Buddhist Philosophy

Cultivating New Habits for Busy Minds

Cultivating new habits is what meditation is all about.  The most basic Tibetan term for meditation, gom (Tib. sgom), means cultivation, habituation or development.  As we meditate, we train our minds to become more calm, clear, and flexible.  In this short video teaching, Tulku Migmar Tsering explains why this is so important in the 21st century.

This video is in Tibetan with translation into English

Cultivating New Habits

Cultivating New Habits: Training Our Minds

These days we may have achieved some degree of material comfort.  In many parts of the world physical conditions continue to improve.  But at the same time, progress brings a lot more distraction, stress, and busyness.  Many of us feel so busy that we don’t think we have time for cultivating new habits.  We’re struggling to keep up with all the technology around us.  But through meditation, we can actually take back control of our busy minds.

Cultivating New Habits: Start With Short Periods

Cultivating New Habits

When we hear the word “meditation” we may think that we can’t keep still for an hour and be calm.  But, as Tulku Migmar explains here, the point of meditation is the process itself.   When we meditate we are cultivating new habits bit by bit in short periods.  We can start with just a few minutes a day.  In those few minutes, we focus our minds on compassion, or kindness, or being mindful.

So, begin with just five minutes a day.  Then, after you’ve spent some time with that habit, add another 5 minutes.  And then slowly you can build up to 25 or 30 minutes of focus.  We’re cultivating new habits, so we go slowly and gently.  We can also focus our minds for a few minutes throughout our day.  We simply remind ourselves to bring back a sense of carefulness or mindfulness.  Changing our mental patterns takes time and in the beginning, it takes effort.  But if we take this gentle building approach, we can discover that we’re already incorporating meditation into our lives in a relaxed and open way.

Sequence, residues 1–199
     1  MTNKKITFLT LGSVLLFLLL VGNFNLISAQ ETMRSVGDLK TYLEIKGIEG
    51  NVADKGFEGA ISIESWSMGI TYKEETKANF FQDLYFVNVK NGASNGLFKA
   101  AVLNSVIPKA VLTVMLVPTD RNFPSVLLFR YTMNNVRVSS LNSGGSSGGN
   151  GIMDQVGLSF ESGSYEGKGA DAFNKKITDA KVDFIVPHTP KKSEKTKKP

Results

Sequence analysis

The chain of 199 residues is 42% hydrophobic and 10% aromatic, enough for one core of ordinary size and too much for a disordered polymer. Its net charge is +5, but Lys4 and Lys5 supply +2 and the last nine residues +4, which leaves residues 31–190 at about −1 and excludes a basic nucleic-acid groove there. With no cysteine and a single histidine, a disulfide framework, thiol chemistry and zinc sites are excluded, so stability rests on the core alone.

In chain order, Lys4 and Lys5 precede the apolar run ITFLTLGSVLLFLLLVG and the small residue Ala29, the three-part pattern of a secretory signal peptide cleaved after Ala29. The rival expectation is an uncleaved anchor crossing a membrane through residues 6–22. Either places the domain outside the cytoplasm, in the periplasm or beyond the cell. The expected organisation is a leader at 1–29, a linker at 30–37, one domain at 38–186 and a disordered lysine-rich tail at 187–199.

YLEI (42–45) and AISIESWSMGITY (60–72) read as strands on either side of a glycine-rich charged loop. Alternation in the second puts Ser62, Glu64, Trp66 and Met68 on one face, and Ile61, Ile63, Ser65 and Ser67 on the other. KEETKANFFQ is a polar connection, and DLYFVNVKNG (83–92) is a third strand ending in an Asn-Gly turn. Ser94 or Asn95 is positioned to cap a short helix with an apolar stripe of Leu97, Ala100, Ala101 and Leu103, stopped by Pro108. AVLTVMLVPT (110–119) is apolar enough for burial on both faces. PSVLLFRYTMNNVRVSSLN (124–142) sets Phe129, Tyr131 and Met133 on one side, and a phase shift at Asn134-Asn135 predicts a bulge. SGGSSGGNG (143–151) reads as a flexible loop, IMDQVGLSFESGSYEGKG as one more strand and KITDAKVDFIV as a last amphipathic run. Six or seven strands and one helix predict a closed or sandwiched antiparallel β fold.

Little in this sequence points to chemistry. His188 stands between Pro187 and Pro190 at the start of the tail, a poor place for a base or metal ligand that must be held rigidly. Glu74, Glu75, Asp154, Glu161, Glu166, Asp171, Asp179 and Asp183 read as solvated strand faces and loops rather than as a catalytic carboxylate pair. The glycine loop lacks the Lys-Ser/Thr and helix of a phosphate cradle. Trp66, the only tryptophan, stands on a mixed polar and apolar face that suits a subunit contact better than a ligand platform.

Additional Resources

We hope you may feel inspired to check our Samye Institute short course, Training the Mind: An Introduction. In these four units, Phakchok Rinpoche explains how our minds function.  The course features video teachings, meditation instruction, reflection exercises, and suggestions for journaling.

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Suggested Reading

Dudjom Rinpoche, The Nyingma School of Tibetan Buddhism, trans. and ed. by Gyurme Dorje and Matthew Kapstein (Boston: Wisdom Publications, 1991), vol. 1, pages 468–474.

Ngawang Zangpo, Guru Rinpoche: His Life and Times, Ithaca: Snow Lion, 2002.

Nyoshul Khenpo, A Marvelous Garland of Rare Gems: Biographies of Masters of Awareness in the Dzogchen Lineage, trans. Richard Barron (Junction City: Padma Publishing, 2005), pages 41–48.

Padmasambhava, Legend of the Great Stupa, Berkeley: Dharma Publishing, 1973

Padmasambhava & Jamgön Kongtrul, The Light of Wisdom, trans. by Erik Pema Kunsang (Boudhanath: Rangjung Yeshe Publications, 1986-1999), pages 43-47 & Appendix 5.

Taranatha, The Life of Padmasambhava, Shang Shung Edizioni, 2005

Tulku Thondup, Masters of Meditation and Miracles, Shambhala, 1996.

Yeshe Tsogyal, Life and Liberation of Padmasambhava, translated by Kenneth Douglas and Gwendolyn Bays (Emeryville: Dharma Publishing, 1978, republished 2008).

Yeshe Tsogyal, Lotus Born: The Life Story of Padmasambhava, Rangjung Yeshe Publications, 2004.

‘The Life of Guru Padmasambhava’ in A Great Treasure of Blessings, The Tertön Sogyal Trust, 2004.